Wednesday, October 27, 2010
The Gospel According to Jesus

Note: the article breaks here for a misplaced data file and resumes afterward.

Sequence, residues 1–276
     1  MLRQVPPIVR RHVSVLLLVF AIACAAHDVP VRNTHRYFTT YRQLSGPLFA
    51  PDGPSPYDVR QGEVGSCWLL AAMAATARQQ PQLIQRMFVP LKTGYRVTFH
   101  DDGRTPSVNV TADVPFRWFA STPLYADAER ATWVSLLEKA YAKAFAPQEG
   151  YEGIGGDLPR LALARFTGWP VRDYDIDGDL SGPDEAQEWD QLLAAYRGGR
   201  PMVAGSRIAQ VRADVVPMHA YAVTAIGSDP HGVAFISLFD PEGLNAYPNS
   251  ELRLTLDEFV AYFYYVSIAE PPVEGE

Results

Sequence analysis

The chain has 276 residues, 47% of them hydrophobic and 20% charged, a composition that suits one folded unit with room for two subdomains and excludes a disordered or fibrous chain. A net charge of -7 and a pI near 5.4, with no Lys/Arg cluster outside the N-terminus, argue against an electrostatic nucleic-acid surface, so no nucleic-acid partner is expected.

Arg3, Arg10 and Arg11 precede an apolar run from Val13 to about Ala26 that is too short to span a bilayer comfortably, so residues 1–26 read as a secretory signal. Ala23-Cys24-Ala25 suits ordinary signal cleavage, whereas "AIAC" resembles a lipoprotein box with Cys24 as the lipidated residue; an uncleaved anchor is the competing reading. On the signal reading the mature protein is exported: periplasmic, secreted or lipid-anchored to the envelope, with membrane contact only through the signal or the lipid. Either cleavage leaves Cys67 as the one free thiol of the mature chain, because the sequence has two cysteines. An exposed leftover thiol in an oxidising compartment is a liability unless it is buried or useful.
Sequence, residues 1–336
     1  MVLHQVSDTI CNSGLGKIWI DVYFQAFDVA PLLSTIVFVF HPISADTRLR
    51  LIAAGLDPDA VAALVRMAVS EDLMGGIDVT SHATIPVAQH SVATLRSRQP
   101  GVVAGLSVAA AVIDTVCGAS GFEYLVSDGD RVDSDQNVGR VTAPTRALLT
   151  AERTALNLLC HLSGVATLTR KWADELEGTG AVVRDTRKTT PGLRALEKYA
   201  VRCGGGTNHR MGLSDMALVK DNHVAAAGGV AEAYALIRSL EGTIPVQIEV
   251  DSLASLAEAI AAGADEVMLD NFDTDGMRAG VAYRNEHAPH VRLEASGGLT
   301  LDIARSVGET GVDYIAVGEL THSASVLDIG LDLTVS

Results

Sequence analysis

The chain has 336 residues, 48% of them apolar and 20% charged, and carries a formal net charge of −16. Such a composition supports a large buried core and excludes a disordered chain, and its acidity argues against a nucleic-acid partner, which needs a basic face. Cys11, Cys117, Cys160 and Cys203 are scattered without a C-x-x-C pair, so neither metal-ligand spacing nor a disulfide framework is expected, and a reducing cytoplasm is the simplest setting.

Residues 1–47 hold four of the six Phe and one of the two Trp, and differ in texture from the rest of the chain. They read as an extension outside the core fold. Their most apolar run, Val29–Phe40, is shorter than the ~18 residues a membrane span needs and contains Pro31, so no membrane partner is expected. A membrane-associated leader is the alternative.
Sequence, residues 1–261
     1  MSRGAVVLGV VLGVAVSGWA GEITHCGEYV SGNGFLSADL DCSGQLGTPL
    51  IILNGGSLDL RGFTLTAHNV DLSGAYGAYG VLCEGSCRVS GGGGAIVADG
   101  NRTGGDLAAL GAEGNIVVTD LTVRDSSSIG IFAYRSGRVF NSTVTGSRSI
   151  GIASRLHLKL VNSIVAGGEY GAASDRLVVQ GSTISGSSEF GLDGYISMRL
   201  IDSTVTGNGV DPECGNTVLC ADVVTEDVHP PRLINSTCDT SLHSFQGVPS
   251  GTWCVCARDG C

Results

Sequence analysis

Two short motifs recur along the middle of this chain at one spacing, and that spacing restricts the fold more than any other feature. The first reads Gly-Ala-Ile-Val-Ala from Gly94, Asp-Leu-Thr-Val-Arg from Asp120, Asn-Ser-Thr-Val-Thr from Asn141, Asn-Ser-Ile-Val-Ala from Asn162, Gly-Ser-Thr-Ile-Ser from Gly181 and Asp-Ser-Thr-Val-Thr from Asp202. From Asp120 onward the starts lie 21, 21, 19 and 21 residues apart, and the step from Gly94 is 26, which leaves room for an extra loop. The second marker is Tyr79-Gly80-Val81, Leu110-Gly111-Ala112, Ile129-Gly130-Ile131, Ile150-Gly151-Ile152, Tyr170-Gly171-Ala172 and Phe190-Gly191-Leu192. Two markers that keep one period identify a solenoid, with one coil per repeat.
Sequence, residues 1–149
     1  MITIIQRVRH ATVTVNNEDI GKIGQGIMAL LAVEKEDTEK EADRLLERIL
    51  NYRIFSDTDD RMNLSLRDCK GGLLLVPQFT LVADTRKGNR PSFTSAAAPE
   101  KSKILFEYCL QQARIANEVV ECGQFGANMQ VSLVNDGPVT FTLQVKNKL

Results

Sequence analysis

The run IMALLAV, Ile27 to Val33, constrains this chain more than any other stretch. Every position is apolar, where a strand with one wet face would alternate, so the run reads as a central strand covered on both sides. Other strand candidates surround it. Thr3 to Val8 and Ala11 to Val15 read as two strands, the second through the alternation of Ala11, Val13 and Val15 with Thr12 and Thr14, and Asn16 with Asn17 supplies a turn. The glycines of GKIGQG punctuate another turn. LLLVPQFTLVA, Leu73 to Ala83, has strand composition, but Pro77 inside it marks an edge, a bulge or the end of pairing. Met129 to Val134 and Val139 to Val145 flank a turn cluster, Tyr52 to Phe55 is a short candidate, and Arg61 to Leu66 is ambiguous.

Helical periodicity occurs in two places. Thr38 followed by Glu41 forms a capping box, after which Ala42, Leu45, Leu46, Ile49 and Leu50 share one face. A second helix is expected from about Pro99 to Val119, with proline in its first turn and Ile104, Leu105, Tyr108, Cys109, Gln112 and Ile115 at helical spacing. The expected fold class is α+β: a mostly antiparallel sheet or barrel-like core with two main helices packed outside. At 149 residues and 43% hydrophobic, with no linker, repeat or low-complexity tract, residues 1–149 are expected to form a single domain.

Had some great reading to take to the beach recently...The Grace of God I just reviewed, and The Gospel According to Jesus by Chris Seay. This book took a little bit longer to get through as it was less storytelling and more thoughtful examination. This pastor/writer often takes on the project of finding truth in less obvious places, as in his previous works "The Gospel According to Lost" and "The Gospel According to Tony Soprano", so it would seem that finding Jesus' Gospel would be a great deal easier. The idea for this work actually came from another project he worked on, "The Voice", a new Bible translation. When the writers came to translating the word "righteousness", they found that the Church had a misunderstanding of the word, having to do more with piety and morality than with how they defined it: "God's restorative justice". It took me a while to wrap my brain around that definition, and thoughtful reflection is not a strength for me, but it was a struggle worth having. There is dialogue at the end of each chapter with people like Mark Batterson, Dan Kimball and Gabe Lyons, which help flesh out some of the ideas. "God restores us so that we might become agents of restoration", says Alan Hirsch. It's all about living out the Gospel...not just playing Church, but being the Church. While I think the primary audience for this book will be those who consider themselves avid students of the Bible, more casual readers may get lost. If you are like me and can become frustrated with prolonged theological discussion, then this book will be a challenge. But in the end, I enjoyed the challenge, and I think my understanding of the Gospel according to Jesus has been enriched as a result.